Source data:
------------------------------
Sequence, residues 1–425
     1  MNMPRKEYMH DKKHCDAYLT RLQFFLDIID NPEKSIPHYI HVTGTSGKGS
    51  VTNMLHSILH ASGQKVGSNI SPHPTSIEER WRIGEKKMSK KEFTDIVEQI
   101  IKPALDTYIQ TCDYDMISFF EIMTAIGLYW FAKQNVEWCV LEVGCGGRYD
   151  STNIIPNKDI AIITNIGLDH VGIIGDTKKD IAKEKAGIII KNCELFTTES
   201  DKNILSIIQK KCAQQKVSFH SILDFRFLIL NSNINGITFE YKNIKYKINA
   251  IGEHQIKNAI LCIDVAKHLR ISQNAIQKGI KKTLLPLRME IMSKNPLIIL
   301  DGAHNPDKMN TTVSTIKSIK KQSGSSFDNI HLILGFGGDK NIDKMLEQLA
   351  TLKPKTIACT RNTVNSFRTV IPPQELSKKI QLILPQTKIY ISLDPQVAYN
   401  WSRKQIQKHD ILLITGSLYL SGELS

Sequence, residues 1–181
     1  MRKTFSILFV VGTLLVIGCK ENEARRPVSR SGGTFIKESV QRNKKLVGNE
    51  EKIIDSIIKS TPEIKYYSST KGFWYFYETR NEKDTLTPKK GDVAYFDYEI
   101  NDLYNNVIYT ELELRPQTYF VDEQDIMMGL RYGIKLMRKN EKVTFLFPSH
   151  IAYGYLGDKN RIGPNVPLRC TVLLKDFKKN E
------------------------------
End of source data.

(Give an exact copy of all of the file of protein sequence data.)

Sequence, residues 1–425
     1  MNMPRKEYMH DKKHCDAYLT RLQFFLDIID NPEKSIPHYI HVTGTSGKGS
    51  VTNMLHSILH ASGQKVGSNI SPHPTSIEER WRIGEKKMSK KEFTDIVEQI
   101  IKPALDTYIQ TCDYDMISFF EIMTAIGLYW FAKQNVEWCV LEVGCGGRYD
   151  STNIIPNKDI AIITNIGLDH VGIIGDTKKD IAKEKAGIII KNCELFTTES
   201  DKNILSIIQK KCAQQKVSFH SILDFRFLIL NSNINGITFE YKNIKYKINA
   251  IGEHQIKNAI LCIDVAKHLR ISQNAIQKGI KKTLLPLRME IMSKNPLIIL
   301  DGAHNPDKMN TTVSTIKSIK KQSGSSFDNI HLILGFGGDK NIDKMLEQLA
   351  TLKPKTIACT RNTVNSFRTV IPPQELSKKI QLILPQTKIY ISLDPQVAYN
   401  WSRKQIQKHD ILLITGSLYL SGELS

Sequence, residues 1–181
     1  MRKTFSILFV VGTLLVIGCK ENEARRPVSR SGGTFIKESV QRNKKLVGNE
    51  EKIIDSIIKS TPEIKYYSST KGFWYFYETR NEKDTLTPKK GDVAYFDYEI
   101  NDLYNNVIYT ELELRPQTYF VDEQDIMMGL RYGIKLMRKN EKVTFLFPSH
   151  IAYGYLGDKN RIGPNVPLRC TVLLKDFKKN E